By: Chris Price
Sheep give off a certain impression as being moderately unintelligent and timid in the midst of other animals. As you can imagine, sheep are seldom viewed as leaders of the animal kingdom, opposed to lions, which are widely perceived as being leader-like and courageous, and rightfully so. Still, there is something about sheep that makes them leaders in their own right. Some sheep have problem-solving abilities and their various vocalizations signal when danger is nearing. Sheep have abilities of their own, including the ability to lead, just like a lion, no matter how quiet they may appear.
Throughout my time as a leader in the Rutgers community, I have learned that leadership is not solely for those who are the loudest, bravest, and most extroverted. In fact, such characteristics do not necessarily equate to effective leadership at all. Instead, with confidence, support, and guidance, the most introverted of students can lead in great capacities! Thanks to my various support systems, I, as an introvert, have been able to hold office positions in my halls’ Residence Hall Associations my first and sophomore years and be an Orientation Leader.
The difference between an extrovert and an introvert is the way in which each person receives his or her energy to succeed and complete tasks. Extroverts get their energy by being around others, whereas introverts need more alone time to gather their own thoughts, relax, and self-reflect. Both kinds of personalities can lead to productive leadership. However, very often, students feel as though being an introvert means that they cannot be a leader, and that is false.
While I highly enjoy being around others, I identify with being an introverted individual. As many introverts cannot attest to, I cherish my time that I have to myself, and after I have that time, I feel rejuvenated to do well academically, socially with my friends, and in my leadership endeavors. Coming off as quiet or reserved has actually helped me in my leadership experiences. I have learned that I can be relatable and genuine by being my introverted self. In my experience as an Orientation Leader, I have connected with students who are also very introverted and given them the sight that they too can be leaders. Incoming students appreciate when they can connect with a leader of the university who is not overly energetic or always looking for a spotlight, so do not feel as though you need to change if you are an introvert. Effective leadership is about purpose and fulfilling that purpose with authenticity. People will follow your leadership because of who you genuinely are, not for a false impression of a leader.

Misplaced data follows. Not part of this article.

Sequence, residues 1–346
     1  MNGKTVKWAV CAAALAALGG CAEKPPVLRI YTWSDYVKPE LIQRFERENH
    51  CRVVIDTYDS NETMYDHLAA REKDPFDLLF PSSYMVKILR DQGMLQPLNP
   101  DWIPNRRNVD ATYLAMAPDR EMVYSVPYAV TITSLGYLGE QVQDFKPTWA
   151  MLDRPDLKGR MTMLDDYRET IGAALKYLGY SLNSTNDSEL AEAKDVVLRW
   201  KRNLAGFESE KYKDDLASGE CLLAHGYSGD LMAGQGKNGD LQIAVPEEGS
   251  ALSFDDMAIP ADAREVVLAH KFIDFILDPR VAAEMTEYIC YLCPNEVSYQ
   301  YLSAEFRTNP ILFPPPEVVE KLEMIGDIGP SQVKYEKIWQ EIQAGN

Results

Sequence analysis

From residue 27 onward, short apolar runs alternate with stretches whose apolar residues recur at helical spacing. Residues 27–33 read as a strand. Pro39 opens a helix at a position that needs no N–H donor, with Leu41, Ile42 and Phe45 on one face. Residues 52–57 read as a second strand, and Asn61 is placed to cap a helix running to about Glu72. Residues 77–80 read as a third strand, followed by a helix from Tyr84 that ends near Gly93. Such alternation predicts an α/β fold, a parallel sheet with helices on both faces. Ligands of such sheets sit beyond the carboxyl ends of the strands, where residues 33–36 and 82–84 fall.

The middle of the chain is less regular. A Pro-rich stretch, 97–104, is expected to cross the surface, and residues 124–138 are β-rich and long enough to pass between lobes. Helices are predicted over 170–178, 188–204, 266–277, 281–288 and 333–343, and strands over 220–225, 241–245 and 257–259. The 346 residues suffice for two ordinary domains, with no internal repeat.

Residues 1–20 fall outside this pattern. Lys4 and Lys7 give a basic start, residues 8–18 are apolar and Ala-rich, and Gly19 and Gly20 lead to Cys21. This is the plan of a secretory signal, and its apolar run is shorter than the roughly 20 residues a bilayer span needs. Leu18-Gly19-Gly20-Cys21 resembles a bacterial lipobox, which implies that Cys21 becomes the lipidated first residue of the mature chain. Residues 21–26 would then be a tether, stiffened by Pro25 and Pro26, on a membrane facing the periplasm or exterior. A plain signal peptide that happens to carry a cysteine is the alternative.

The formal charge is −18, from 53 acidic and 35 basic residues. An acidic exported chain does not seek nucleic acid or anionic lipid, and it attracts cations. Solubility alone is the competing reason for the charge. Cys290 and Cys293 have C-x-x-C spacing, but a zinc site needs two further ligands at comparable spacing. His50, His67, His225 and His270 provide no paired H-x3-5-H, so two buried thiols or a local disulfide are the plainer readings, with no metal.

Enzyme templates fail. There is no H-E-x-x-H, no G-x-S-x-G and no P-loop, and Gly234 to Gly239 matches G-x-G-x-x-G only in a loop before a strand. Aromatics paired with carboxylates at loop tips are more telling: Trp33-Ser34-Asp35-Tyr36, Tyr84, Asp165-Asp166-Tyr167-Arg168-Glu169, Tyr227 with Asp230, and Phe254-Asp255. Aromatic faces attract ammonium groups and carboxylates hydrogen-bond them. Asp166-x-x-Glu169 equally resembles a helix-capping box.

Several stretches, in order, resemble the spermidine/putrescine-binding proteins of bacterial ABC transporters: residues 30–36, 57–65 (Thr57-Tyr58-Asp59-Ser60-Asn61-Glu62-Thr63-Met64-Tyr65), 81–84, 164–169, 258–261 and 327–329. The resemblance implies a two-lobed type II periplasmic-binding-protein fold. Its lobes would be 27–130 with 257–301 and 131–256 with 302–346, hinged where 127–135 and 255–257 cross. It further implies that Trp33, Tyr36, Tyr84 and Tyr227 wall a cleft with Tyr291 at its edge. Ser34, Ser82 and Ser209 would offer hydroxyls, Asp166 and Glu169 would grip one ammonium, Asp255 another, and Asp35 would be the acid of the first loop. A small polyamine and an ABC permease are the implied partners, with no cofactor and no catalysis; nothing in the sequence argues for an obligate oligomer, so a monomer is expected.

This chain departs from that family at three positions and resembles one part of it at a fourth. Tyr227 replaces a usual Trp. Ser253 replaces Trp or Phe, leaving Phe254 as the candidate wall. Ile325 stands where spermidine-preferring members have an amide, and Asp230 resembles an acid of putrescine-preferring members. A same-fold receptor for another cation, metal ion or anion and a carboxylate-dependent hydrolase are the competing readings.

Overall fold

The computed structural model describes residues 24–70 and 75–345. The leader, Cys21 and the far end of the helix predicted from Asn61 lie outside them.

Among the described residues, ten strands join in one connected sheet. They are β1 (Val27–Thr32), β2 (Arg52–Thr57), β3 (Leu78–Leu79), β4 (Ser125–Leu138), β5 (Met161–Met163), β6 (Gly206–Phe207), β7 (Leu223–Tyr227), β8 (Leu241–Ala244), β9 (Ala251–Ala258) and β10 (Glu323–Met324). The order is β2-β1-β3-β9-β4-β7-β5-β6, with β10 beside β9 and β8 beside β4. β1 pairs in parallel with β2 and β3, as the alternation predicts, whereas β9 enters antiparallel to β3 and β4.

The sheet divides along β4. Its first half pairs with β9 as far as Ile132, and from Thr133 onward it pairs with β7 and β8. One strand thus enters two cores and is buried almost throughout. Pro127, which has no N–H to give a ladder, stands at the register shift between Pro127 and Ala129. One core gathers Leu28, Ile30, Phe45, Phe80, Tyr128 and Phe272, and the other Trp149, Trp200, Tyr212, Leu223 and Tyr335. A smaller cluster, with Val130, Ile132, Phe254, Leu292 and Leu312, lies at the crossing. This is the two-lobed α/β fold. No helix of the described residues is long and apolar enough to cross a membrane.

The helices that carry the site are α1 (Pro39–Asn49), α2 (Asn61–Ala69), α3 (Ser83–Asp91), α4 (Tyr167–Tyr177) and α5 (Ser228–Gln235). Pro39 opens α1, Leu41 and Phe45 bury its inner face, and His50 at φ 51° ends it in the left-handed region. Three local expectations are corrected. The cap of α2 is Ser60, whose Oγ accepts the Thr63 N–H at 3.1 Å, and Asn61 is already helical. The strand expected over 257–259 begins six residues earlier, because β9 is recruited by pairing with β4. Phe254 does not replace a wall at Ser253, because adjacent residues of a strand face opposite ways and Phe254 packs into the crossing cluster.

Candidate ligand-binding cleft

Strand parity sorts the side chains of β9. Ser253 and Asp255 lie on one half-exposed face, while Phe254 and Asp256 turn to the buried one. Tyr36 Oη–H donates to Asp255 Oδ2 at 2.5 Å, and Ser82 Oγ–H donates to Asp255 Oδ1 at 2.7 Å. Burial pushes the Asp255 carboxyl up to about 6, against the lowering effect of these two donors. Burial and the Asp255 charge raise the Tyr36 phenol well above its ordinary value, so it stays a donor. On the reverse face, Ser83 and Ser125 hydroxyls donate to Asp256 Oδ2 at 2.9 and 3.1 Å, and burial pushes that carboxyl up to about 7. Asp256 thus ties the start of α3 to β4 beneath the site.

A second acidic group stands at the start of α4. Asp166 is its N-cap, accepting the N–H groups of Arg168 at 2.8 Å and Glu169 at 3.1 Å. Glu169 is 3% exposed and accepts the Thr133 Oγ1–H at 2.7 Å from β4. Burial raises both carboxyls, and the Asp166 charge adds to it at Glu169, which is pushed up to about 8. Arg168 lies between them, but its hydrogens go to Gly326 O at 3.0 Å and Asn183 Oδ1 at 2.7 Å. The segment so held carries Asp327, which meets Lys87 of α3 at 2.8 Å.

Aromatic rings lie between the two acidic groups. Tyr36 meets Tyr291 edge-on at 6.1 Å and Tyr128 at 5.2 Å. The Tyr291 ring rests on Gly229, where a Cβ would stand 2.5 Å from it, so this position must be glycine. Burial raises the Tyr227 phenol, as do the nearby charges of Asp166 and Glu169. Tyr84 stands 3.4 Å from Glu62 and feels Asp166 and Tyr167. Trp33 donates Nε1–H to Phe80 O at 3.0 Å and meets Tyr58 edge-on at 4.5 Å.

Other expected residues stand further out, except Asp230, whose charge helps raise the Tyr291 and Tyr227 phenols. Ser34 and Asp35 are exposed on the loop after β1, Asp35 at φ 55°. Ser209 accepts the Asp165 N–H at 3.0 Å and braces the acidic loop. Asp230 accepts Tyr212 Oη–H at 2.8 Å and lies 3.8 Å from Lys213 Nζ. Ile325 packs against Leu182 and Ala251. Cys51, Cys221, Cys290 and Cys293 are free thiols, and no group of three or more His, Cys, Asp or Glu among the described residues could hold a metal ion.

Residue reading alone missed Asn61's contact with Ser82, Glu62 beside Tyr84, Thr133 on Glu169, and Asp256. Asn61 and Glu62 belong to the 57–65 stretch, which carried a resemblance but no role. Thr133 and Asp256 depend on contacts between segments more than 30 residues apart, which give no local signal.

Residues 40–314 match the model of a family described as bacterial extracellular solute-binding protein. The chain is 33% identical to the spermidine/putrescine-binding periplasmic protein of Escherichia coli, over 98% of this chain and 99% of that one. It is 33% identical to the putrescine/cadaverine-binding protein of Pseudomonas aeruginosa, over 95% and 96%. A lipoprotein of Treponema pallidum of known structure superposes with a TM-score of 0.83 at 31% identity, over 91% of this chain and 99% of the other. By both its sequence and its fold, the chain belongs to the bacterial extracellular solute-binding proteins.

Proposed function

All in all, introverts can most definitely be leaders! Keeping a few things in mind, all introverts can bring out the leader within themselves…
1. Be Yourself:
Introverts rock, so never change! People will find you relatable and personable when you embrace yourself as an introvert. You’ll find out that you are not the only one who identifies with this personality type, so you may just inspire someone else.
2. Never fear discomfort:
As an introvert, stepping up as a leader may come with certain insecurities and overwhelming, new experiences. Do not stray from situations that make you feel uncomfortable. Even extroverts experience those discomforts. Be willing to learn from such cases, and soon discomfort will feel comfortable!
Be heard! You have a voice, no matter how introverted you maybe! Use it. Your input can possibly ameliorate a circumstance for an organization that you are a leader in. Also, you are given leadership positions for a reason; use it to make a difference!
Chris Price is a junior in the School of Arts and Sciences Honors Program, majoring in English with a minor in Music. He serves as a Resident Assistant in Brett Hall on the College Avenue Campus, an Orientation Team Leader for New Student Orientation and Family Programs, and a company member of both Cabaret Theatre and The Livingston Theatre Company.